It’s been a volatile time in global investment markets with shares and other assets being knocked about, the fallout of Brexit, and fresh record-breaking interest rate lows. At times like these, it’s little wonder that more cautious investors have a long list of questions about risk levels and the security of their financial future .
Understanding all of these risks – how they work and their potential impact – will help you assess your own attitude to risk, and ensure you begin investing with your eyes open.
Risk vs volatility
Investing is an inherently risky business, but perhaps not in the way you think. While it’s common to hear people talk about volatility as a byword for risk, they are not the same thing. In investment markets, volatility refers to daily price fluctuations. Risk, on the other hand, is the possibility that an investment will provide a lower return than expected over your time horizon or even a permanent loss. Short-term volatility is only a risk if you need to sell investments after a big price fall. The longer your time horizon, the less important volatility becomes.
Here is a rundown of some of the main types of risk:
General market risk
Market risk is the possibility that an investment will depreciate in value due to market fluctuations. An example of this would be, if you buy shares in Company X at $50 per share today, the value of those shares could drop to $40 or $30 per share over time due to caused by factors such as, changing economic conditions, market sentiment, local and international political events and even environmental issues.
Economic risk is the chance that macroeconomic conditions like exchange rates, government regulation, or political stability will affect an investment, usually one in a foreign country. This refers to the possibility of an economic shock or crisis that will cause panic selling, such as a debt crisis or a credit squeeze.
Interest rate risk
Changes in interest rates can have a direct or indirect impact on the investment value and/or returns of all types of assets. A good example of this, are bonds and other interest-bearing assets that offer a rate of return, which is usually based on the current official interest rate. Since official interest rates rise and fall, there’s a chance that these kinds of investments may generate a lower than expected return. Interest rates may also affect a company’s cost of borrowings.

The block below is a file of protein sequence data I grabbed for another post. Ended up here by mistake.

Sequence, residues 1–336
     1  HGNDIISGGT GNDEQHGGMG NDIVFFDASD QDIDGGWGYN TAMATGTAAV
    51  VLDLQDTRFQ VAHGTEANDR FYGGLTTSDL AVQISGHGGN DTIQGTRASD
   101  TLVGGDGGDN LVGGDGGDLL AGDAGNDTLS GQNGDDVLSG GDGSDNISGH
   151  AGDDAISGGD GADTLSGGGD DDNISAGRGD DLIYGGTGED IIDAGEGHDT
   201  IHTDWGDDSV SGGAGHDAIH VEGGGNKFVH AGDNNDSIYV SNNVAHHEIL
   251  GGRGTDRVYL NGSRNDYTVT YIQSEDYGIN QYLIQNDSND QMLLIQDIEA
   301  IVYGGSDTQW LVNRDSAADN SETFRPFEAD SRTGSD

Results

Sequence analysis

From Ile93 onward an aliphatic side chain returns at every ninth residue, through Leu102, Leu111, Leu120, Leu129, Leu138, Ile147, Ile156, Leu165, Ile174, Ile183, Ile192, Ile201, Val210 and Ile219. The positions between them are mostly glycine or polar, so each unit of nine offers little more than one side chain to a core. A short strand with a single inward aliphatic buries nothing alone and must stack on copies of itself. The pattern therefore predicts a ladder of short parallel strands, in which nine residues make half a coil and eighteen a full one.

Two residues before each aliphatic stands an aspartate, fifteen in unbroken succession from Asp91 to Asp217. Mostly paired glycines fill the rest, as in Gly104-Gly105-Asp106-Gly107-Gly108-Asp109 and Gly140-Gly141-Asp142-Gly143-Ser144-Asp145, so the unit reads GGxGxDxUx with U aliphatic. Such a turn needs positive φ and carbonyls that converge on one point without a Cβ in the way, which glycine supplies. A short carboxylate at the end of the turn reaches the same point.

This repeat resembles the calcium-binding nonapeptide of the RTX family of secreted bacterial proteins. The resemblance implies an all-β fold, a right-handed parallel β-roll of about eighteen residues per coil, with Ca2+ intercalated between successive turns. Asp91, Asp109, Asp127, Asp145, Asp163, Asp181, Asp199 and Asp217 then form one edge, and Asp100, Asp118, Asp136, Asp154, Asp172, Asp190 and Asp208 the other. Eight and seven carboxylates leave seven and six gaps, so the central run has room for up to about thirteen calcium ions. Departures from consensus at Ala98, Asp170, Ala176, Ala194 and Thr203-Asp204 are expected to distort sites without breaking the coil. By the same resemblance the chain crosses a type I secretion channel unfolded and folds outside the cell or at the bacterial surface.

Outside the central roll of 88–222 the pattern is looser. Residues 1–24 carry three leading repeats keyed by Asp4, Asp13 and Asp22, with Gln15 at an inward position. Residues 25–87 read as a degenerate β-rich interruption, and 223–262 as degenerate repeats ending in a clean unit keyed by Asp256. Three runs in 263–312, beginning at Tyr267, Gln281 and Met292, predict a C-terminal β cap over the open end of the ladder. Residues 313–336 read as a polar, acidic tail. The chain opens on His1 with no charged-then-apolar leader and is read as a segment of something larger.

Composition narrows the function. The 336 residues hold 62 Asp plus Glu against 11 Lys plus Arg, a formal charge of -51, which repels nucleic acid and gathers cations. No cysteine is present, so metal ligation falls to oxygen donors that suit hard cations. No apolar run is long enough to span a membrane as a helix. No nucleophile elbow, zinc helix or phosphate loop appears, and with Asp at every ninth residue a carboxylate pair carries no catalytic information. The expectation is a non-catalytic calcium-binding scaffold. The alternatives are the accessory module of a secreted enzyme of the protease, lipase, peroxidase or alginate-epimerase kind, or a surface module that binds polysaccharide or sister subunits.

With the Reserve Bank of Australia dropping the cash rate to a fresh record-breaking low of 1.5% on Tuesday, August 2, combined with the 2015 Australian government Intergenerational report, questions are already arising around what low-interest rates really mean for retirees and savers.
Exchange rate risk
Exchange rate risk (also known as FX risk, foreign exchange risk or currency risk) is a financial risk that exists when a financial transaction is denominated in a currency other than that of the base currency of the company. Exchange rates add another layer of risk when you invest in international markets or local shares with overseas operations.
Country risk is a collection of risks associated with investing in a foreign country. These risks include political risk, exchange rate risk, economic risk, sovereign risk and transfer risk, which is the risk of capital being locked up or frozen by government action. Country risk varies from one country to the next.
This applies to particular sectors of a market or economy. For example, the spread of the internet is disrupting the business model of companies in the media sector, while low commodity prices have hit companies in the resources sector.
Risk that affects a very small number of assets. Specific risk, as its name would imply, relates to risks that are very specific to a company or small group of companies. This type of risk would be the opposite of general market risk.
That may sound like a lot of risks, but without accepting some degree of risk you are unlikely to earn the returns you need to keep ahead of inflation and achieve your financial goals.
The amount of risk you accept depends on your personal tolerance for risk, your investment goals, and your time horizon. You can’t banish risk entirely but the good news is that most risks can be reduced or managed with some simple strategies. If you would like to discuss your risk tolerance in the context of your investment portfolio, don’t hesitate to call.
This article is for general information purposes only. It has been prepared without considering your objectives, financial situation or needs. You should, before acting on the information, consider its appropriateness to your circumstances.
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